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Galvanizing Political Engagement among Muslims in the Netherlands by Drawing Inspiration from American Examples of Success


Over the past decade, events such as the hijacking of American planes on September 11th, 2001 and the murder of Theo Van Gogh in 2004 have ushered in a political climate in which Muslims living in the Netherlands are facing increasing discrimination and negative characterizations. In an atmosphere of misinformation, nativist individuals such as Geert Wilders peddle images of Muslims as intolerant fundamentalists for political gain. Due to the rising discrimination against Muslims, there is a need to counter the disparaging rhetoric with voices from the Muslim community that assert their dignity and value to Dutch society.

Formed in response to the horrific July 2011 attacks in Oslo, Norway, the authors of this report felt compelled to contribute their expertise to counteract the negative environment of Islamophobia in the Netherlands. Senior Fellows Nathan Furukawa and Umar Ikram  discussed the political climate in Europe that had led to the Oslo attacks, and wondered about the ultimate effects of the event. In the process, they found themselves drawing comparisons to the struggles of American minority groups for integration and success.

Nathan and Umar believed that examples of achievements by minority communities in the United States could be used to generate suggestions for the Dutch Muslim community to better combat Islamophobia and discrimination.

Nathan and Umar teamed up with Elizabeth A. Clark to write a report that addressed the increasing Islamophobia in Europe and provided recommendations for how the Muslim community could effectively respond. They began by conducting a series of qualitative interviews with leaders in the business, media and political communities.

Ultimately, Nathan and Umar believe that the Muslim community needs to simultaneously build solidarity within their community and also reach out to engage the external non-Muslim Dutch community.

This paper represents a synthesis of several interviews with community and political leaders in Muslim communities in the Netherlands as well as American examples of successful minority political engagement, such as the various groups that became visible during the Civil Rights Movement. The report contains four themes: Identity, Diversity in the Muslim Community, Political Engagement and Media.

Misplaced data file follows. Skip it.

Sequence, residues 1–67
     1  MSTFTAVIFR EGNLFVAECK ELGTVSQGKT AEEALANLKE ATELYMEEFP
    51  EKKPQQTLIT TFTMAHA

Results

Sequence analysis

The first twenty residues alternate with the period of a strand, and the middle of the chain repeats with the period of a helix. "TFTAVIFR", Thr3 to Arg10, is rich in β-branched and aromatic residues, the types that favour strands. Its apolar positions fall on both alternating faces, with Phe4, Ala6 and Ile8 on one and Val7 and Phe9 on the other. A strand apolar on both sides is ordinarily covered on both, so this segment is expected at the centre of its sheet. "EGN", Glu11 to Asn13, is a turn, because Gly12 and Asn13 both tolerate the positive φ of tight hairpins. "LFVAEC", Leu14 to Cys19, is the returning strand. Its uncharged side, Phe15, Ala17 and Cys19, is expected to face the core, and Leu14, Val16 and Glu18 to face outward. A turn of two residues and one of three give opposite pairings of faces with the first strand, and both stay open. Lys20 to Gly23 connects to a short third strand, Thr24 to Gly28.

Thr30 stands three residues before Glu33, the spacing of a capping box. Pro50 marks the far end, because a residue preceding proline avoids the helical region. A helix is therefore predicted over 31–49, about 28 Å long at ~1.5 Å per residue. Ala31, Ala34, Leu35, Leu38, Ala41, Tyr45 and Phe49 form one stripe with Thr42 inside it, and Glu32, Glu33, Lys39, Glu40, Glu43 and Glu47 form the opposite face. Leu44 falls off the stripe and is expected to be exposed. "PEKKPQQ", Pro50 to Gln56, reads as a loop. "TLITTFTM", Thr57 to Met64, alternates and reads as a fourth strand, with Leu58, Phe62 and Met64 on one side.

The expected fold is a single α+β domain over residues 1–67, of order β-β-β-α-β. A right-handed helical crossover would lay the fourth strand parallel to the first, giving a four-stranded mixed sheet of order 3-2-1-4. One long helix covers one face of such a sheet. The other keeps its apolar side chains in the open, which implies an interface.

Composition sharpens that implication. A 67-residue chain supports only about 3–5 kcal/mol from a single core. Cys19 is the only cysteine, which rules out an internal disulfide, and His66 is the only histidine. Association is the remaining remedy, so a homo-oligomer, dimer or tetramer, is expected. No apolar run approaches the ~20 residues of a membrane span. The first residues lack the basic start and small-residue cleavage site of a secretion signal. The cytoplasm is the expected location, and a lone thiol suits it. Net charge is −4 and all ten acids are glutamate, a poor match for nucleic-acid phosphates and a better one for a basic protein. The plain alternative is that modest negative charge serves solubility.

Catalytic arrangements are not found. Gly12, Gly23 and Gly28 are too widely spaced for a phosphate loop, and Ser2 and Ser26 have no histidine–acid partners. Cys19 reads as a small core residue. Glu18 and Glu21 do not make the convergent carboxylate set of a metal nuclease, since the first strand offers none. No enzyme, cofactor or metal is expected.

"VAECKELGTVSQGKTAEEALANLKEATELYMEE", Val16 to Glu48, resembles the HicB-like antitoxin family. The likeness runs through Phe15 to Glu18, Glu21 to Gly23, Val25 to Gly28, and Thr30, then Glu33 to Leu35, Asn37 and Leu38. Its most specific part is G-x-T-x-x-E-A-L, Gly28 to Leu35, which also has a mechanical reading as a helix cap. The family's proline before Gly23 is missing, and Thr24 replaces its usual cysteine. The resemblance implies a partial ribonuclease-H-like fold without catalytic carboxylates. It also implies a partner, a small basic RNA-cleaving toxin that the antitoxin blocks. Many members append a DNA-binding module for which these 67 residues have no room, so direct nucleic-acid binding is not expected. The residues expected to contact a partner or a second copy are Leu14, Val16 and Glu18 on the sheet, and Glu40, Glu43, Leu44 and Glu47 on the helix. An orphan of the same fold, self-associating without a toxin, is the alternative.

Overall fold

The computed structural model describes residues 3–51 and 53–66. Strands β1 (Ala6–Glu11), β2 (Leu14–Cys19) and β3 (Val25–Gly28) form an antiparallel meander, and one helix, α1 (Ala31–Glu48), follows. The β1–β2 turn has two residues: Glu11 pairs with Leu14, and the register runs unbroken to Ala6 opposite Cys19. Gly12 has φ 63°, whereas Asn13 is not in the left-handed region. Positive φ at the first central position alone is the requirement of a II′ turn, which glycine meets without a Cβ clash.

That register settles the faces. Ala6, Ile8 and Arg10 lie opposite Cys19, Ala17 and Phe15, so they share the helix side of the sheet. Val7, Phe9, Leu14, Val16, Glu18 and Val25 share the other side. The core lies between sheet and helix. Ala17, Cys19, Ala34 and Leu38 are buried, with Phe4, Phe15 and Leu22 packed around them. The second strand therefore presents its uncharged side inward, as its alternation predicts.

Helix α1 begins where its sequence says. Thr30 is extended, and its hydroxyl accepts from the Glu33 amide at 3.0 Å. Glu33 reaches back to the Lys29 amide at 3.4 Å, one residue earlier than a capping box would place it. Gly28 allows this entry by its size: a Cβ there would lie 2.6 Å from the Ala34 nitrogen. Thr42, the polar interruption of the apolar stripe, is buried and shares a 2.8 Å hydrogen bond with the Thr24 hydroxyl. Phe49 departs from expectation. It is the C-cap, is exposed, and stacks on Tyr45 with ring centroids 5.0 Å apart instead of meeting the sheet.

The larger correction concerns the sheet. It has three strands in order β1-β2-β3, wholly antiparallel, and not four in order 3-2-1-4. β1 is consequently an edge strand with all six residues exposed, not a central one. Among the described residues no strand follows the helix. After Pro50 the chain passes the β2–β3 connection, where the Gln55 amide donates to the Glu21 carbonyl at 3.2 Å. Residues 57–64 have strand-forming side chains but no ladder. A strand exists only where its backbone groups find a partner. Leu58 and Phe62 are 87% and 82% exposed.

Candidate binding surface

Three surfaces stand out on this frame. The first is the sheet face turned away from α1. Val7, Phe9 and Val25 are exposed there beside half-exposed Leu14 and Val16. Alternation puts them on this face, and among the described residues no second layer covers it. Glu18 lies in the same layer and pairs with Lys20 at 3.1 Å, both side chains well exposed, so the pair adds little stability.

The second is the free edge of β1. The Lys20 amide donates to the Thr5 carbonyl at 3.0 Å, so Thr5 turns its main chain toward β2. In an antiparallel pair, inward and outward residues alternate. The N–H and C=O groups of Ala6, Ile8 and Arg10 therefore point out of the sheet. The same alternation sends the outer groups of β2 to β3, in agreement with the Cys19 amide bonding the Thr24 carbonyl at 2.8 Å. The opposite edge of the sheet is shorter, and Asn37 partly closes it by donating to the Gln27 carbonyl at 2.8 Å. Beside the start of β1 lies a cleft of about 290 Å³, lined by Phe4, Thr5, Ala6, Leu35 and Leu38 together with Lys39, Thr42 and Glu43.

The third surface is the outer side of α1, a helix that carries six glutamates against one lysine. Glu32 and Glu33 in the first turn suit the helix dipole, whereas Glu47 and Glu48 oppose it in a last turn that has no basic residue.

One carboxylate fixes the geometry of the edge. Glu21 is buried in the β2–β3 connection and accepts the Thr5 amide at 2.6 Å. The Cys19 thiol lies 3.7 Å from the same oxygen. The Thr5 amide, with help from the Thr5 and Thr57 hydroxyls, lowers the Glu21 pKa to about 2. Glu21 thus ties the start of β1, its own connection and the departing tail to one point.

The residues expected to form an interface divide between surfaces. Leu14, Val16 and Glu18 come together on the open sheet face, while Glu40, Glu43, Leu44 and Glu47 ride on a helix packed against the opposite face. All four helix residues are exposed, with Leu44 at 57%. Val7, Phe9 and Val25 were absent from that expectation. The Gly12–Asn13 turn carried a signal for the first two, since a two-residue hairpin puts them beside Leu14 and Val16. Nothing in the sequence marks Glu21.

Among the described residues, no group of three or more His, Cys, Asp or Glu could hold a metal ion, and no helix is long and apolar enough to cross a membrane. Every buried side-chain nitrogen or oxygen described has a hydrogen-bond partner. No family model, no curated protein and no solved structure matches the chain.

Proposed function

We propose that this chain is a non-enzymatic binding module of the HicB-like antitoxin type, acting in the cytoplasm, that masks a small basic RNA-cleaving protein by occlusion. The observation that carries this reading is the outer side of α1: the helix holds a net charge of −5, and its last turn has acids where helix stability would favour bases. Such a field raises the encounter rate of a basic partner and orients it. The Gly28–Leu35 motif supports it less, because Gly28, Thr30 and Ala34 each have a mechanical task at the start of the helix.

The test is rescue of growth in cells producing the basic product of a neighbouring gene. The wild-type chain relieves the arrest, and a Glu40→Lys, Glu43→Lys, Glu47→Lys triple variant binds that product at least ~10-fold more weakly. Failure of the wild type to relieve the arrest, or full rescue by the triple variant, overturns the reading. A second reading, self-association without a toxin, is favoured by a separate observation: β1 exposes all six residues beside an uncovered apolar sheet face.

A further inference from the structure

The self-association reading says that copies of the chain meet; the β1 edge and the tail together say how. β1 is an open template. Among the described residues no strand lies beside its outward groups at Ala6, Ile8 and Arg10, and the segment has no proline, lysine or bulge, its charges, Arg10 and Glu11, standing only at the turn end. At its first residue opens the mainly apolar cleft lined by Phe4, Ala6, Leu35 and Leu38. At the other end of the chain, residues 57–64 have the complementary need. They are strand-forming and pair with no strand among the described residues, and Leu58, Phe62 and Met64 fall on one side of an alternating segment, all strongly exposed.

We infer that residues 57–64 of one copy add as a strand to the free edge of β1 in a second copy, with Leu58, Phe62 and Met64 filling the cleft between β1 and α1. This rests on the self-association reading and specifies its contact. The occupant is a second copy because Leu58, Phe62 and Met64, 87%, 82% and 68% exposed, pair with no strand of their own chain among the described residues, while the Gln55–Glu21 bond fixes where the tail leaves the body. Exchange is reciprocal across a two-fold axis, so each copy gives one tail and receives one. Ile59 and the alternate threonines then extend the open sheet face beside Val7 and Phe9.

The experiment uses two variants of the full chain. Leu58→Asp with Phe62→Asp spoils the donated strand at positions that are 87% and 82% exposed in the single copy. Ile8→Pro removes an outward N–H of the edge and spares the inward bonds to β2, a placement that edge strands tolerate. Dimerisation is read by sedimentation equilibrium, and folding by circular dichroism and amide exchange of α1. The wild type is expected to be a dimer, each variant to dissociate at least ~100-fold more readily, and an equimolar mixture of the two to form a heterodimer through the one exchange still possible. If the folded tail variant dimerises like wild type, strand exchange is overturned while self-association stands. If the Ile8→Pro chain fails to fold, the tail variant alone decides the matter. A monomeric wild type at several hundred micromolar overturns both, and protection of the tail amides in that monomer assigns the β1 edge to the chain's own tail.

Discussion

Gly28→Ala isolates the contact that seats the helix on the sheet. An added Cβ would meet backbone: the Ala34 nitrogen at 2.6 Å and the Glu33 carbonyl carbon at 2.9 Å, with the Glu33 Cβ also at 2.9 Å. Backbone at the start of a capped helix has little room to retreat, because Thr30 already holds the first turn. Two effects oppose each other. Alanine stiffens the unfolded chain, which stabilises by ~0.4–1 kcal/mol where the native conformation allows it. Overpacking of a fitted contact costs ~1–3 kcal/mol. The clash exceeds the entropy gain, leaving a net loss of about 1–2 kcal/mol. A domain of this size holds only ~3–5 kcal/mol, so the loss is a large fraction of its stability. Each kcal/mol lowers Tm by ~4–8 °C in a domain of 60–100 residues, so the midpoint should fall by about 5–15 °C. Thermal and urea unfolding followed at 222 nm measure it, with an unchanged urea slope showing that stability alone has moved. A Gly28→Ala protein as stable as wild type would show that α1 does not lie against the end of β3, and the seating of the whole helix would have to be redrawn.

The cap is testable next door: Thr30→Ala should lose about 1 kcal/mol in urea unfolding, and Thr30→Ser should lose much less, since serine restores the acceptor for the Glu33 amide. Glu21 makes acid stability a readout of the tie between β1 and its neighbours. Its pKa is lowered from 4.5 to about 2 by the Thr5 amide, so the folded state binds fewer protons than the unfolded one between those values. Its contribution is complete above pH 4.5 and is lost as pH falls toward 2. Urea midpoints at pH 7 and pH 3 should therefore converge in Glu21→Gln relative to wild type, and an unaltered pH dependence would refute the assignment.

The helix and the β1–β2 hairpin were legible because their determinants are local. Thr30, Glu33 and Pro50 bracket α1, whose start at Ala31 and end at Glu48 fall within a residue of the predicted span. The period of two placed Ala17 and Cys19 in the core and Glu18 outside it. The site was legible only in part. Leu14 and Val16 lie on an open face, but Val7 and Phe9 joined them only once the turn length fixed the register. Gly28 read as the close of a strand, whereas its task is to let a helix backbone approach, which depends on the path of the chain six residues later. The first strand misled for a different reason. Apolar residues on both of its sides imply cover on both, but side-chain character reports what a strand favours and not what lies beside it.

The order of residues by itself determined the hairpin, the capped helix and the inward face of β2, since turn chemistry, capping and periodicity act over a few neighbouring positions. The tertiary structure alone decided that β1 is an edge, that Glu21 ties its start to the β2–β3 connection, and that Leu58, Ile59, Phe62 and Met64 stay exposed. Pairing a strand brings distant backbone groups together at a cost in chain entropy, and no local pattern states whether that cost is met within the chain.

The authors began by presenting their findings and recommendations to Contactorgaan Moslims en Overheid (CMO), a Dutch umbrella organization formed by the government to consult about Islam. While the organization provided positive feedback, it was not in a position to work to adopt the recommendations at that time.

The authors then had a series of discussions with their interviewees and other individuals in the community. They agreed that it would be better to try and distribute the report to the community using social media channels, as the report is written by younger professionals and is more apt for a younger audience. Wij Blijven Hier!, one of the most well-known blogs about Dutch Muslim affairs in the Netherlands, agreed to post the report (read here in Dutch). Furthermore, the authors wrote an op-ed about the contents of the report and linking the relative decline in Dutch support for the EU project with the rise in Islamophobia/Euroscepticism.

Due to the rising discrimination against Muslims, there is a need to counter the disparaging rhetoric with voices from the Muslim community that assert their dignity and value to Dutch society.

Nathan and Umar stress that the key to a successful project is being able to quickly adapt to the unexpected challenges one will inevitably face. They recommend identifying early on the dynamics of the institutions with which one wants to work with. By targeting the individuals that have the power to enact change ,if they are swayed, you can gain wider support for your project. They also recommend being open to change because it often results in finding new opportunities that you may not have thought of initially. Sometimes these new opportunities end up being the most important finding or output of your work. Just keep an open mind and be relentless in trying to make your project successful.

To learn more and read their report, click here.